Authors: Brandon R. Galan*, Julia Shoffel#, John C. Linehan*, Candace Seu#, Aaron M. Appel*, John A. S. Roberts*, Monte L. Helm **, Uriah J. Kilgore*, Jenny Y. Yang*, Daniel L. Dubois*, and Clifford P. Kubiak#
Journal: Journal of the American Chemical Society
Affiliation: * Chemical and Materials Sciences Division, Pacific Northwest National Laboratory, Richland, WA
** Chemistry Department, Fort Lewis College, 1000 Rim Drive, Durango, CO
#Department of Chemistry and Biochemistry, University of California, San Diego, CA
Formic acid is the simplest carboxylic acid and it may be synthesized from the addition of dihydrogen across a C=O bond in carbon dioxide. Formic acid fuel cells are fairly efficient and safe, making them strong candidates for sustainable power generation in the future, assuming dihydrogen can be produced cleanly from water. While there are a few molecular catalysts already able to reduce carbon dioxide to formic acid, researchers who study the opposite reaction, where formic acid is converted to CO2, 2 protons (H+) and 2 electrons (e–), would like to catalyze it without the use of precious metals such as platinum in order to lower the cost of aforementioned fuel cells. The work described in this paper outlines the use of a Nickel (Ni) complex that efficiently catalyzes the oxidation of formate with help from a supporting molecule, or ligand.
The ligand in question has been developed by the research group led by Dan DuBois at the Pacific Northwest National Lab, and has been shown to aid in the catalytic generation or oxidation of dihydrogen on group 10 transition metals. The authors attribute the ligands ability to increase catalytic turnover to the presence of the tertiary amines positioned above and below the transition metal which aid in acid/base catalysis. This strategy is also employed in enzymes, where amino acid residues participate in acid/base catalysis in the enzyme active site.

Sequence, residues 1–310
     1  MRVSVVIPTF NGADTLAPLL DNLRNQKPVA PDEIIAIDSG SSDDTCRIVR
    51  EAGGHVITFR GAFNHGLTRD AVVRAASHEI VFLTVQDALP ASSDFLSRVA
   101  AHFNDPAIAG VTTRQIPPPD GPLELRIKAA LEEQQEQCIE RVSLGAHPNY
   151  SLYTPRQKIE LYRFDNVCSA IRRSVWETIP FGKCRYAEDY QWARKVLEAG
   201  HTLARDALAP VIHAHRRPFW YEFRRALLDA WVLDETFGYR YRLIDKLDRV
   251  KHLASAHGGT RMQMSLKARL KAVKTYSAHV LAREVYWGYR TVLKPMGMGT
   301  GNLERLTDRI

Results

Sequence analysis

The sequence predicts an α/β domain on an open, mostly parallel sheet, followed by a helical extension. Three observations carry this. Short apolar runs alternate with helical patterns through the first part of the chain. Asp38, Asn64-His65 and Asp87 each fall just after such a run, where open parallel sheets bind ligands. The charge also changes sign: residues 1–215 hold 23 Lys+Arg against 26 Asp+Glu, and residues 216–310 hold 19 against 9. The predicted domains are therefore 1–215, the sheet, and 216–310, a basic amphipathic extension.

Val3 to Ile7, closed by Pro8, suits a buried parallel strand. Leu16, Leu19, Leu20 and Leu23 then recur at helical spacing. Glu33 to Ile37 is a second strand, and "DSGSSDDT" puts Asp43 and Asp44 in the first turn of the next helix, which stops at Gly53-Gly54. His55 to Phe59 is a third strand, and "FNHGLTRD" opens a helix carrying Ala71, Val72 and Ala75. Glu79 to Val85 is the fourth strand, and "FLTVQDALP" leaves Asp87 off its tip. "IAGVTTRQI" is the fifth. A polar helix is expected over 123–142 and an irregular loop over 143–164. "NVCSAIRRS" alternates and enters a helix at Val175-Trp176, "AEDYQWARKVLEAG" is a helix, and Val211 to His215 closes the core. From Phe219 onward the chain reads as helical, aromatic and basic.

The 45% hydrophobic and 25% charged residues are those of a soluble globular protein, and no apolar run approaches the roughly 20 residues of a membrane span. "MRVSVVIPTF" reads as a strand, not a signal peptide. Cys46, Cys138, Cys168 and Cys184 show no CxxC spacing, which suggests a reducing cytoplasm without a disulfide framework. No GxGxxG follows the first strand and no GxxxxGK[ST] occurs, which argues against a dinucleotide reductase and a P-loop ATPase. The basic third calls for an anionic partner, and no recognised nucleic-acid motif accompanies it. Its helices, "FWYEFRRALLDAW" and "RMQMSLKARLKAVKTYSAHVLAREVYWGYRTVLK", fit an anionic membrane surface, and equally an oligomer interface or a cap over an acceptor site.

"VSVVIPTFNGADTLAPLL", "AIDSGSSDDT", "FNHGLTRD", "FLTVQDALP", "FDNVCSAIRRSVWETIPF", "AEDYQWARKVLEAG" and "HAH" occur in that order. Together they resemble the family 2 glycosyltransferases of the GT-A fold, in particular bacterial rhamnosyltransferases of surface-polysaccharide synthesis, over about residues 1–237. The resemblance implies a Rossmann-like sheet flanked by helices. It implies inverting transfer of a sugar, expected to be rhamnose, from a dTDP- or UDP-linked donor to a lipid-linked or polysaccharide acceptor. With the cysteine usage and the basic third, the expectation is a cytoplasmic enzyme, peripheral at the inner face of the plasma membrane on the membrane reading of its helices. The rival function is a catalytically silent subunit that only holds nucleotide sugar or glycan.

The primary method used to study this system is cyclic voltammetry (CV), where a changing potential difference is applied to a solution of catalyst and substrate (formate) and the resulting current, which is proportional to the rate of reaction, is measured. At very low (negative) potentials, the initial oxidation state of the Ni complex is 0, but upon reversible removal of 2 e-, a Ni(II) complex forms in the absence of formate. When formate was added to solution, however, addition of the second electron to the Ni complex resulted in a rise in current corresponding to the oxidation of formic acid. Analysis of the headspace of the reaction after bulk electrolysis found no dihydrogen, but plenty of CO2, suggesting that after being removed an amine, the proton formerly belonging to the formate molecule is lost to solution and not reduced to H2. As a control, a similar Ni complex lacking the pendant tertiary amines was studied, and irreversible production of a Ni-hydride (Ni-H) complex was observed.
The authors studied the effect that changing the phosphine and amine substituents on the ligand had on catalytic activity and found that very little change was observed across a range of phosphine substituents, but tuning the basicity of the amine had a marked effect on catalytic rate, with more basic amines displaying superior performance. The role of the amine was also shown in the scan-rate dependance of formate oxidation in the electrochemical experiments. Usually, if a catalytic intermediate sticks around for a while after accepting/losing an electron and before undergoing a chemical transformation, the amount of current observed in the returning scan (when the potential is scanned in the opposite direction, returning to the potential at which the electron transfer event took place) of the CV will vary with scan rate (a larger current will be observed on the return scan at higher scan rates). Even scanning at an astonishingly fast 20 V/s, no evidence was seen of a Ni(II)-formate species, suggesting that deprotonation of formate by the tertiary amine was incredibly fast (>50 s-1).
The authors have shown that it is possible to increase catalytic activity on a catalytically sluggish transition metal center by secondary coordination sphere engineering. A few attempts at catalyzing the reduction of CO2 with H2 using the same catalyst were ultimately unsuccessful, but one can be sure that the Kubiak and DuBois groups will continue to investigate the utilization of CO2, as they have made significant contributions to the field over the past few decades.